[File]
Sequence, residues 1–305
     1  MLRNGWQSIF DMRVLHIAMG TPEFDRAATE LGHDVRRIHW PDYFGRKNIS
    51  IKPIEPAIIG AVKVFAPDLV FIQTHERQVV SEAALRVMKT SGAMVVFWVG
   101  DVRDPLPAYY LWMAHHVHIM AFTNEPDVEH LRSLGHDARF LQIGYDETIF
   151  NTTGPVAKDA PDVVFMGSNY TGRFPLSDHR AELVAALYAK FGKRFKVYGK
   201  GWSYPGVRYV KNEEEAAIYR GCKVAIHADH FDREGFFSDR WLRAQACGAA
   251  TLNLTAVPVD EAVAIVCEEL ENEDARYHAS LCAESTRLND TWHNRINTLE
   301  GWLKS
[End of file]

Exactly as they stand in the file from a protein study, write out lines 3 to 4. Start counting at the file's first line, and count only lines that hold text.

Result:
    51  IKPIEPAIIG AVKVFAPDLV FIQTHERQVV SEAALRVMKT SGAMVVFWVG
   101  DVRDPLPAYY LWMAHHVHIM AFTNEPDVEH LRSLGHDARF LQIGYDETIF